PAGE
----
One thing teens do amazingly well is influence and "sell" to each other. Why not use that powerful force to prompt them to go home to their parents, pass on the stories they'd heard, present a URL address to their parents, and "convince" their parents to think about hosting a student? Isn't that worlds better than a last-minute e-mail into a parent's in-box, begging them to be a temporary family to an AFS student who will arrive next week?!

I told Margaret that I'd put together a proposal of sorts, outlining this idea, and that I'd be happy to be involved in implementing it. So I have homework -- which is fine. It's good, in fact!

And here's some homework for you -- and for all your friends. Consider opening your home to an exchange student for 10 months. It will change your life, I promise you. It will change your lives in the most wonderful ways, and you will never be quite the same.

The down-side? You will miss your adopted son or daughter every day after they go back home. But oh, how much richer you all will be for that experience!

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Andrea M said...

I am glad to see you have made contact and are doing something about the problem. We would 100% open our home to a student! We are abroad for another two years ourselves but we have already decided to take part in my dh's work sponsored exchange program once we return to the US.
This is a great way to use your blog to spread the word.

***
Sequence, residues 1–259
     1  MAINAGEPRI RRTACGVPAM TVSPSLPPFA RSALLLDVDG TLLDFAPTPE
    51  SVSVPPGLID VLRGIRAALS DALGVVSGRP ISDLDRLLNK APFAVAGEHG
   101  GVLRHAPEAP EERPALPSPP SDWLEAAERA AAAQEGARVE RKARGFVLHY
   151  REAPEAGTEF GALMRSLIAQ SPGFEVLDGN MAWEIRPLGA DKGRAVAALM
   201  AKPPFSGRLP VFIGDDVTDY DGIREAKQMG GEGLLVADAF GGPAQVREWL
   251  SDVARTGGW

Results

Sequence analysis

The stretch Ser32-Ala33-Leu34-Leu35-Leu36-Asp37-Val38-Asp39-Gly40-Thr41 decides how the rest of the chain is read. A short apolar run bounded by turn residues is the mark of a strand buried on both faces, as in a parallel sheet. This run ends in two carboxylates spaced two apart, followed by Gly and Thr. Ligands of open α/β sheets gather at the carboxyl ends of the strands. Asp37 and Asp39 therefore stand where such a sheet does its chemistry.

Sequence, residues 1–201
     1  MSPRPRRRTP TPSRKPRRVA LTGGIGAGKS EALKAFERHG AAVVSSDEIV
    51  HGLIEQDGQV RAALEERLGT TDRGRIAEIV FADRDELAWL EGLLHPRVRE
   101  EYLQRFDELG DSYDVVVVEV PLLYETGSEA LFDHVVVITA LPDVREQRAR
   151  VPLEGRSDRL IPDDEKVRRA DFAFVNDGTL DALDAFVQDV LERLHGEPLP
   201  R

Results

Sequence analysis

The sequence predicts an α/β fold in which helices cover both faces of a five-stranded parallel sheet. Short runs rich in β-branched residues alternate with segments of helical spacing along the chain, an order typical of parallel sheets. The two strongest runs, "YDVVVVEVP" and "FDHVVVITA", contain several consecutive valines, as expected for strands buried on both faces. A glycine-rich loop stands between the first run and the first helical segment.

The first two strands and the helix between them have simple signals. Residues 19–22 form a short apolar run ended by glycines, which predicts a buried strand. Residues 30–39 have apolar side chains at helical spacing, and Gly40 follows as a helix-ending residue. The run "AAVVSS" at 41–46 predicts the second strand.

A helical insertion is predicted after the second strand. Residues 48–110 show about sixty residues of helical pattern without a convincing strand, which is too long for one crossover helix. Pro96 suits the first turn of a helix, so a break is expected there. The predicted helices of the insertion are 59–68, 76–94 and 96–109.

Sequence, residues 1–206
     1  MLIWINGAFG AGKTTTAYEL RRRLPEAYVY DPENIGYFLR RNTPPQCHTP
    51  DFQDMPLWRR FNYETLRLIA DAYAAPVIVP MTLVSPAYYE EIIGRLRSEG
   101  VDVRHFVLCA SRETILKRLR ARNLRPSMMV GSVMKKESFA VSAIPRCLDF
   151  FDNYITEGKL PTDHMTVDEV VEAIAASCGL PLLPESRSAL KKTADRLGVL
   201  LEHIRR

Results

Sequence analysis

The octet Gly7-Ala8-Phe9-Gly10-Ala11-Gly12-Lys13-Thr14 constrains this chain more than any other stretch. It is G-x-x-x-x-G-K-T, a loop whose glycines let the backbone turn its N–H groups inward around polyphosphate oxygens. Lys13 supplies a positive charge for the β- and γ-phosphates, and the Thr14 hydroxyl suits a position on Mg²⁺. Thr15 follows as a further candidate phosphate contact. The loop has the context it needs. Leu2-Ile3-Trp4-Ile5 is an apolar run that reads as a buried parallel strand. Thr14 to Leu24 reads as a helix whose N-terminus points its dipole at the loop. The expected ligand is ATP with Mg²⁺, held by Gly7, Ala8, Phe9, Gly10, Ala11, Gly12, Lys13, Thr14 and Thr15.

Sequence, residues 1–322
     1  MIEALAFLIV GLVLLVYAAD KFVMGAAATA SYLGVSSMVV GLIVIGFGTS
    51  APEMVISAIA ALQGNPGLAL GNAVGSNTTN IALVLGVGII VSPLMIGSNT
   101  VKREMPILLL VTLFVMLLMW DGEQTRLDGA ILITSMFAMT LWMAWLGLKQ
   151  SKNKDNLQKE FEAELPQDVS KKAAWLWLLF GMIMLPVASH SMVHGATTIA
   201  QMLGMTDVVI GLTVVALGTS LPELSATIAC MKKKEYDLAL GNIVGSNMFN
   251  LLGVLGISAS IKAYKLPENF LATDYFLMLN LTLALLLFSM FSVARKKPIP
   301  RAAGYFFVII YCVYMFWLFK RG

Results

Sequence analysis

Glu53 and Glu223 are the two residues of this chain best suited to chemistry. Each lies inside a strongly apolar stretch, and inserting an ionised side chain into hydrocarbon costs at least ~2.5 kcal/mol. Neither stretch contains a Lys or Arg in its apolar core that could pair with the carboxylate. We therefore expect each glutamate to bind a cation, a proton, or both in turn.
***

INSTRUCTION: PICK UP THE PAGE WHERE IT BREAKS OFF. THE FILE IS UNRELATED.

Jen said...

I'm glad she was so open, Carol. That's good news! I'm going to write you separately in an e-mail, because we actually do what you're suggesting in our area and it's had mixed results, but some very good ones.

Also... an idea... maybe those of us who have been on exchanges, hosted students, are expats, etc., could band together around placement time this spring and have an awareness day about hosting these kids. What do you think?

Carol said...

I think it's a great idea, Jen! I do believe that the only way to change this is at a local, grassroots, personal level where families touched by exchange programs talk with families who are wondering or contemplating...

Let's talk. I have a feeling AFS is all ears...


Maria said...

I am waiting for The Boy to get a little older, and then I do hope to open our home (maybe even more than once???) for exchange. I think it is an awesome opportunity for all involved!

Goofball said...

hey I am in for the awareness day idea that Jen launched! But let's not only stick to AFS then ;).

Keep me up to date if you'll launch that idea, ok?

AA said...

I have always wanted to host an exchange student. I am a single mom with a chaotic schedule and I haven't been able to see how it would work. Just today I saw an ad for this same thing in our small town paper and thought I must talk to the boyfriend about doing it when we get married.

Hopefully someday it will work out for me.

Anonymous said...

You know what, I was one of those students who didn't have host family information untill right before I got on the plane, all I got was a sticky note. It all worked out. Your opinion is your view, students and natrual families can withdraw if they don't have a family two weeks to departure. Most students/natrual parents choose not to. Why? Because we are more open and flexiable then you are, we know there will be a family waiting for us, even on a temp. basis, it is much better then NOT getting to go because volunteers have been working their asses off and haven't found a family just yet.
Maybe you shouldn't speak for students and natrual families, haveing never been one.